Power Sharing and Leadership Dynamics in Authoritarian Regimes

Authors


  • I would like to thank three anonymous referees, Carles Boix, Paul Cantor, Alexandre Debs, Paul Diehl, Brian Gaines, Jennifer Gandhi, Burak Kadercan, Jim Kuklinski, Roger Myerson, Victor Shih, Duncan Snidal, Bonnie Weir, the participants at workshops at the University of Chicago and the University of Illinois at Urbana-Champaign, and the APSA, ISA, and MPSA conferences for helpful comments, Hein Goemans for sharing his data that were used in an earlier version of this article, and Seden Akcinaroglu for research assistance.

Milan W. Svolik is Assistant Professor, Department of Political Science, University of Illinois at Urbana-Champaign, 361 Lincoln Hall, 702 South Wright Street, Urbana, IL 61801 (msvolik@illinois.edu. Web: https://netfiles.uiuc.edu/msvolik/www/research.html).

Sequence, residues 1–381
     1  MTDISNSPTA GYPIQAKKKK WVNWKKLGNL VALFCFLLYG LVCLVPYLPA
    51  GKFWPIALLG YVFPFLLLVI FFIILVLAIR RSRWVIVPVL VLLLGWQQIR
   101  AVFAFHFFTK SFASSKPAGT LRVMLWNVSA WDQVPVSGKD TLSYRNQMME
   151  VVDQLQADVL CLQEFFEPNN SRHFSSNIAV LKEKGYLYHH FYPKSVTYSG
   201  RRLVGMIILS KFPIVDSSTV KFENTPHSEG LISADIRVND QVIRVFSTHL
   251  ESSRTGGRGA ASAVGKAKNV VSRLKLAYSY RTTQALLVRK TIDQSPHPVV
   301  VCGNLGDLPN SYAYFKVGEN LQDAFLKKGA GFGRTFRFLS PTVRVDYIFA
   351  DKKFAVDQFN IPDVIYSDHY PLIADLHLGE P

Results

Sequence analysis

Abstract

I examine a fundamental problem of politics in authoritarian regimes: the dictator and the ruling coalition must share power and govern in an environment where political influence must be backed by a credible threat of violence. I develop a model of authoritarian politics in which power sharing is complicated by this conflict of interest: by exploiting his position, the dictator may acquire more power at the expense of the ruling coalition, which may attempt to deter such opportunism by threatening to stage a coup. Two power-sharing regimes, contested and established dictatorships, may emerge as a result of strategic behavior by the dictator and the ruling coalition. This theory accounts for the large variation in the duration of dictators' tenures and the concentration of power in dictatorships over time, and it contributes to our understanding of the dynamics of power sharing and accountability in authoritarian regimes.

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